From the General Secretary

November 2021

Dear Members & Friends,

The mind thinks it loves; the heart loves before the thought.

I cannot begin this letter without first recognizing the innovative efforts, good will, and inspired colleagues that made our Annual Conference in October, Building the Temple of the Heart, an extraordinary multi-dimensional happening. It was a beautiful tapestry of thinking, feeling, and willing, in places and across spaces, of intimacy and distanced connection, of possibility and probability, of creativity and deep insights. Whether members participated in locus or online, there was a shared experience of the fullness of the human heart, physical and spiritual.

To this cultural celebration of the human heart, I will add another dimension from the field of economic life. Economics has much to learn from recognizing the regenerative nature of the heart as an essential self-managing manager of circulation and interdependence. There is a reciprocal bridge between all that happens within us and all that occurs in the spaces between us.

While economic life concerns itself primarily with the world of material matters, how we conduct ourselves in that world matters a lot. An economics divorced from human need, the value of relationships, and the earth as a living system, is an economics vulnerable to the shadows of greed, abuse of power, and dehumanization. Witness the profound inequities of the current economy. The expression “hard-hearted” comes to mind. Such instincts would never normally occur to the human heart as its constitution is one of service to the health of the whole human organism. Just about any hindrance to this service is associated with illness. And the heart is being considered as the foundation of human intelligence through scientific inquiry into that which has long been understood in intuitional streams of knowing.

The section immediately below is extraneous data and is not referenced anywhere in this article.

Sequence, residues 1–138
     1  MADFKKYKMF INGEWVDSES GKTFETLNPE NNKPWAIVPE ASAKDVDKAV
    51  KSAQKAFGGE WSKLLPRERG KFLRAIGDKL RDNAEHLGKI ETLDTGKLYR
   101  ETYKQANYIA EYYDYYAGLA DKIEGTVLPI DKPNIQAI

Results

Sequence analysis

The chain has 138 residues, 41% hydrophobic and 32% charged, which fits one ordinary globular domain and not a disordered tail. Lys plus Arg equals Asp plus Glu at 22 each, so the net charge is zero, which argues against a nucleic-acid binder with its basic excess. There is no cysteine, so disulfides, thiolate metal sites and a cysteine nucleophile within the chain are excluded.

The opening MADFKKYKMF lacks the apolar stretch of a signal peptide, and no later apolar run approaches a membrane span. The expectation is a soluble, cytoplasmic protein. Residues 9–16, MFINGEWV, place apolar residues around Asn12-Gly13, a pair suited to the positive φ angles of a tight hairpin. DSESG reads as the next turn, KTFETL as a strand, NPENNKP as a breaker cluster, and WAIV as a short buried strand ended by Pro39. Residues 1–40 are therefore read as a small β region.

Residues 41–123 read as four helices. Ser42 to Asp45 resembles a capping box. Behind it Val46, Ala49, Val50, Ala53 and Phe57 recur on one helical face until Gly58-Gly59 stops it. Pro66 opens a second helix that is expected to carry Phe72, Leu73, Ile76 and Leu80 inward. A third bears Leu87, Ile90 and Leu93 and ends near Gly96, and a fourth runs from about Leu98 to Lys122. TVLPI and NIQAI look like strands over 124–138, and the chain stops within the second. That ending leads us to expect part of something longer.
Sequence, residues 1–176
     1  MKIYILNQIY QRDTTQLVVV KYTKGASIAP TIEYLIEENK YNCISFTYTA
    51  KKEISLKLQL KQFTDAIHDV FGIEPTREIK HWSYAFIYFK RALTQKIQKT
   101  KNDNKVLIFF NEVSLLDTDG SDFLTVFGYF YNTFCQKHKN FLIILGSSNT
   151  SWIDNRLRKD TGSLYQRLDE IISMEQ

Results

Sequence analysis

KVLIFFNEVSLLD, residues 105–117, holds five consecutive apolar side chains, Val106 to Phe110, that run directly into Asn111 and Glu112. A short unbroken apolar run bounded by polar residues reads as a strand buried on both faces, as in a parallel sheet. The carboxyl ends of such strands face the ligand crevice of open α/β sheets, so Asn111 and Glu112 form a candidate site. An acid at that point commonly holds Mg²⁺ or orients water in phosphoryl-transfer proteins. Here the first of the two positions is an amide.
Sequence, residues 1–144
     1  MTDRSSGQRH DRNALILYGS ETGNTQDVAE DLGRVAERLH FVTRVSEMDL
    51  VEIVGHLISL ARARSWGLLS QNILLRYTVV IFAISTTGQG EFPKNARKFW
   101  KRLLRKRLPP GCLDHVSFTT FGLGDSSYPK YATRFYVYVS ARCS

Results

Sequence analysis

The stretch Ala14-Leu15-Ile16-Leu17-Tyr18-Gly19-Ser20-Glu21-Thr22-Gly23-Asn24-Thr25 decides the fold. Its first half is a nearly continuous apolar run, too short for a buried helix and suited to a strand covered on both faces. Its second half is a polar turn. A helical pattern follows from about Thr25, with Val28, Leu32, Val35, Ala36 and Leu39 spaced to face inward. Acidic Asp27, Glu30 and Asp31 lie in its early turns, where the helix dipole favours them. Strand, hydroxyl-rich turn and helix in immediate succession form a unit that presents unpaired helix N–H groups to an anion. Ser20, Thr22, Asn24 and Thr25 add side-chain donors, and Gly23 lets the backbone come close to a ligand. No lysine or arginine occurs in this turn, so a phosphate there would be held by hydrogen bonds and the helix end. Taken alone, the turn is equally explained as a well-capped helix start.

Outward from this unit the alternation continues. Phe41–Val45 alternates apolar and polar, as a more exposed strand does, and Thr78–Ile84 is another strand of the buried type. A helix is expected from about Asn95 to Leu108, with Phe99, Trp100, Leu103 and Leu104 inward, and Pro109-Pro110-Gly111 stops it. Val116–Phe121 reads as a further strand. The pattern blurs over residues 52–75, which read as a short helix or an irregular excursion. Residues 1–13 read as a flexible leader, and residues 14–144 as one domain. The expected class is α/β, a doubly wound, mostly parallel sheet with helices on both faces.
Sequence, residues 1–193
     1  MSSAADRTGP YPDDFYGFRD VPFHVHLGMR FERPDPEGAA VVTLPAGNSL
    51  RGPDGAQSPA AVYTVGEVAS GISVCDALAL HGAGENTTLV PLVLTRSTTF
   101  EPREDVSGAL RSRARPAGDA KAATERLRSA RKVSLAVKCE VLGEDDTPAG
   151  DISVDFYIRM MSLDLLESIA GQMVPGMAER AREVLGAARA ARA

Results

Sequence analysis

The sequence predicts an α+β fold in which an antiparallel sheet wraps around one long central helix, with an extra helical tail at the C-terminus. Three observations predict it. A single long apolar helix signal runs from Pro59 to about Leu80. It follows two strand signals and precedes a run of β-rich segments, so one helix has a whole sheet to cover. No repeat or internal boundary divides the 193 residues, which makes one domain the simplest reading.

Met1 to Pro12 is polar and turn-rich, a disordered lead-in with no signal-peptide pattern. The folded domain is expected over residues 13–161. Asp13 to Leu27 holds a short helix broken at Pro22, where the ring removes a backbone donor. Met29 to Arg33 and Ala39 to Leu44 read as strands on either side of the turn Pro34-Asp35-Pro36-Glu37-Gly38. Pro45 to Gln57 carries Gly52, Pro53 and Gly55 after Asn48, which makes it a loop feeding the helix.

If we take the imagination of the human heart further, we find that a key capacity of heart intelligence is recognition. The heart could not fulfill its purpose if it operated first and foremost out of judgment rather than recognition. First, it senses or recognizes a need and responds as best it can and then judges or estimates whether that response was sufficient and adjusts accordingly. Imagine if you would, an economy that operates on this same selfless principle. How different life might be.

If we human beings are going to co-create an economy based on an imagination of sufficiency as exemplified in the heart system, then we need to transform our consciousness, our culture, and the process of education around a reordering of priorities. Specifically, primacy would be given more to recognition, which requires attentive and direct observation of experience, than to judgment, which is inherently conditional. The former is future oriented, the latter is reflective or past related. Of course, we need both, but where does making meaning start? In habits of the heart or habits of the mind? Are we led more by what we care about than by analysis and control?

In our current iteration of economy, we are entranced with capital and disconnected from our hearts. This discord is partly the result of the inherent nature of capital, centered as it is in the head, as the origin of the word indicates. Though it is important to acknowledge that intelligence has a role to play in the development of economic value, in the world this discord looks like a widening gap between wealth and poverty, and in the inner world like a disintegration of beliefs, values, and behavioral decisions. Make no mistake, we need capital in one form or another, and we need those who work with capital to be in the world in a way that values each human being and supports the regeneration of nature. Such a practice of inner integrity might then begin to heal social and ecological wounds.